Systematic Review of the Incidence and Prevalence of Genital Warts

Harshila Patel; Monika Wagner; Puneet Singhal; Smita Kothari


BMC Infect Dis. 2013;13(39) 

In This Article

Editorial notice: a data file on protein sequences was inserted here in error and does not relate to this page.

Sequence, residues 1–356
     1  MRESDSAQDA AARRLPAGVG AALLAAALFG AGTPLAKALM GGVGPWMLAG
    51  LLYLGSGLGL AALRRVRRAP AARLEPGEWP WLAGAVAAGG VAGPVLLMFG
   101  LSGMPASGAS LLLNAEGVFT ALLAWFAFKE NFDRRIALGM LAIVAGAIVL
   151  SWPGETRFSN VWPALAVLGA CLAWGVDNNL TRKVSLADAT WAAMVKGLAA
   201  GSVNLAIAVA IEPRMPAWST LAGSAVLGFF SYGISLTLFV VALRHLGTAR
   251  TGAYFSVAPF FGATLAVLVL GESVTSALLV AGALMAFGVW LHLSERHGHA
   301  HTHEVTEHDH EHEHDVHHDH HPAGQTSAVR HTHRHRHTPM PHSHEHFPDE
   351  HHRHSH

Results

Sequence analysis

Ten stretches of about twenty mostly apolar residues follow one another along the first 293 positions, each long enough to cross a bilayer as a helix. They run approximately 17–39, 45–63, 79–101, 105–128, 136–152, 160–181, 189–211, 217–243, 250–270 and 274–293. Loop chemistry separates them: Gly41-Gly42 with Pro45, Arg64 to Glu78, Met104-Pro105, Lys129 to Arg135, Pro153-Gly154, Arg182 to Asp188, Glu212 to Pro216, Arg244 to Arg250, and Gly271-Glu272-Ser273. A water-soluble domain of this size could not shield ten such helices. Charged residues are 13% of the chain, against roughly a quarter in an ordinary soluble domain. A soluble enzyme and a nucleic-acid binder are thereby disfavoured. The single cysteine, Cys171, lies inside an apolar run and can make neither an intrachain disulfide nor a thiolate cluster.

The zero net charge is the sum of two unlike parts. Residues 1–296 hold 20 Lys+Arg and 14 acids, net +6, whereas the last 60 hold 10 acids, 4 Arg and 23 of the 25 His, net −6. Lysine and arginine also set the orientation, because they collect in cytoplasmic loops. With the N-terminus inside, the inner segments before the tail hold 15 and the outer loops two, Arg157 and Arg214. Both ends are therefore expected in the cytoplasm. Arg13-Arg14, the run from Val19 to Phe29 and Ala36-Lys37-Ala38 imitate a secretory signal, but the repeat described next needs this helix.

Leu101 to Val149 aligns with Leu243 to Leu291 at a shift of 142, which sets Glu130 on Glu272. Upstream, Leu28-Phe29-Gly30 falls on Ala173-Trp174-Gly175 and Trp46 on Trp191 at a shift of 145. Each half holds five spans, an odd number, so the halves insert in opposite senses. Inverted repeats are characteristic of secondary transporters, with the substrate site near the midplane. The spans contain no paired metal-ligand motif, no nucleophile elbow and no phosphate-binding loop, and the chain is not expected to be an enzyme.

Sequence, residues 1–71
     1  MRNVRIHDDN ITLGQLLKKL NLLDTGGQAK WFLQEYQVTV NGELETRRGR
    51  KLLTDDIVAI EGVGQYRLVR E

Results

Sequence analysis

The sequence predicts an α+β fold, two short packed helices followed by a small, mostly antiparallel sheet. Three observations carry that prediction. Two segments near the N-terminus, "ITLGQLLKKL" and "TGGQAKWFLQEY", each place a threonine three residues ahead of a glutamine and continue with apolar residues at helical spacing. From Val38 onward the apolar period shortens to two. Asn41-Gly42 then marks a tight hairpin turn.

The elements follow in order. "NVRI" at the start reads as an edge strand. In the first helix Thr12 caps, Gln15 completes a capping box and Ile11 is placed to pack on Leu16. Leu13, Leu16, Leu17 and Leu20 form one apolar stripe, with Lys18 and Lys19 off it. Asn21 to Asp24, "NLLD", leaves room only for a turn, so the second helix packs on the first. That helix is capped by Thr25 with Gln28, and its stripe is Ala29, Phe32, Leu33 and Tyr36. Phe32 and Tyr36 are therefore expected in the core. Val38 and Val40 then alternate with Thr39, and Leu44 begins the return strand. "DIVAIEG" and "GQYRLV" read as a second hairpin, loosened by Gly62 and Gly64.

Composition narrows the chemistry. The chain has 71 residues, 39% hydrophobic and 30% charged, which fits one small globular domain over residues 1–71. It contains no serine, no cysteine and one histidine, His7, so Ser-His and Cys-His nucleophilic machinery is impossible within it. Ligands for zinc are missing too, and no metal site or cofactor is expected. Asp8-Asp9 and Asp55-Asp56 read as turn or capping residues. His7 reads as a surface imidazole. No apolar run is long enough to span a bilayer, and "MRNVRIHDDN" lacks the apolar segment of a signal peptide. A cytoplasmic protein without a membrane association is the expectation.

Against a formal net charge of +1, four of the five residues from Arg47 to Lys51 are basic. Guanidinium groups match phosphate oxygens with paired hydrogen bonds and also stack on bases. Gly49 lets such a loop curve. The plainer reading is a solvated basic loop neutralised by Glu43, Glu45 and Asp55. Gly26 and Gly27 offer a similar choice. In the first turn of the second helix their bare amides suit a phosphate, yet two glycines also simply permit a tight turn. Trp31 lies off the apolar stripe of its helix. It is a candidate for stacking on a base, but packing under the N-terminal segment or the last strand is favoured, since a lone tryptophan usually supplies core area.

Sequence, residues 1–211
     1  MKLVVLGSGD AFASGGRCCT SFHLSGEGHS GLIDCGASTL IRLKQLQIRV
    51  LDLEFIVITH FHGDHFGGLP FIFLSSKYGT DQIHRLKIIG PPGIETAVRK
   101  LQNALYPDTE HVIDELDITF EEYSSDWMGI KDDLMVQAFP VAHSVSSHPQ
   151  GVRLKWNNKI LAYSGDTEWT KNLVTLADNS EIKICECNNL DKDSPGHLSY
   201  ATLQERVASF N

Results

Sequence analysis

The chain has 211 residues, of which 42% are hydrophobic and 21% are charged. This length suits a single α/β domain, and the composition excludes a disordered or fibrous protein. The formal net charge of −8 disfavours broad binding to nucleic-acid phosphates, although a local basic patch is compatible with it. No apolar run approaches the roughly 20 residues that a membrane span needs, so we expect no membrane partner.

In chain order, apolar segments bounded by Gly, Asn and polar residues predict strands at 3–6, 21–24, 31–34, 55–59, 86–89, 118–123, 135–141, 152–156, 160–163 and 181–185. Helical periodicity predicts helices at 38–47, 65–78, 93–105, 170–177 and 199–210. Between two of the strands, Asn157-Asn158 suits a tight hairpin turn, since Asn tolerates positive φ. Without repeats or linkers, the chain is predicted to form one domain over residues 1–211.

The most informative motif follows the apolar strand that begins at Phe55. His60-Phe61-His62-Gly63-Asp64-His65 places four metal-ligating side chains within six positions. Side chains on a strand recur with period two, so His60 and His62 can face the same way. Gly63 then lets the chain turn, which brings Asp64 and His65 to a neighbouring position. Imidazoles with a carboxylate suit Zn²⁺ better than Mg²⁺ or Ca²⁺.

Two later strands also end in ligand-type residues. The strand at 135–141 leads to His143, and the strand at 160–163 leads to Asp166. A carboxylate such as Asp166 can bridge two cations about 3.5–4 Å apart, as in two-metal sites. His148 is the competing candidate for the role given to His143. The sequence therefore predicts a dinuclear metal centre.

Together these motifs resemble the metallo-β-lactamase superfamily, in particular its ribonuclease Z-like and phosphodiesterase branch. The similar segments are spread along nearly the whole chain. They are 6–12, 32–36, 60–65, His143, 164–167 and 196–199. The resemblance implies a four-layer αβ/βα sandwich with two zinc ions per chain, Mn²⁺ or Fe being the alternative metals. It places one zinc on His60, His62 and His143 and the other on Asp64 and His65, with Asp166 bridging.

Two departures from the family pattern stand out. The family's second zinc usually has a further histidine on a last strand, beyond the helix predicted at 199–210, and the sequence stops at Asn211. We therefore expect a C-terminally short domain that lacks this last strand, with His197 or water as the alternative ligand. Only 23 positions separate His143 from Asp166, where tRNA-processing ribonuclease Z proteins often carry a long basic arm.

AGWs are a common manifestation of an HPV infection, particularly among young men and women. Reported annual incidence rates typically range between 100 and 200 new cases per 100,000 general adult population based on retrospective administrative databases, medical chart reviews and prospectively collected physician reports. AGW prevalence estimates typically range between 0.13% and 0.20% among these studies. There were also no marked regional differences observed in the incidence and prevalence of AGWs. These methodological approaches cover large populations; however, they can only capture AGW cases among patients seeking care in their respective healthcare systems. Studies which are based on genital examination of general population samples are less dependent on healthcare seeking behavior and tend to report comparatively higher prevalence estimates (ranging from 1% to 5%). However, prevalence data for males based on genital examinations of asymptomatic individuals are quite limited because, unlike females who routinely visit their gynecologists, males usually seek consultation with a reproductive specialist (i.e. urologists) if they present symptoms. Given these data limitations, our review includes a Mexican study of males seeking vasectomies in public clinics[45] and a prospective HPV epidemiology study of heterosexual males,[8] populations, although not strictly general, may approximate the general male population.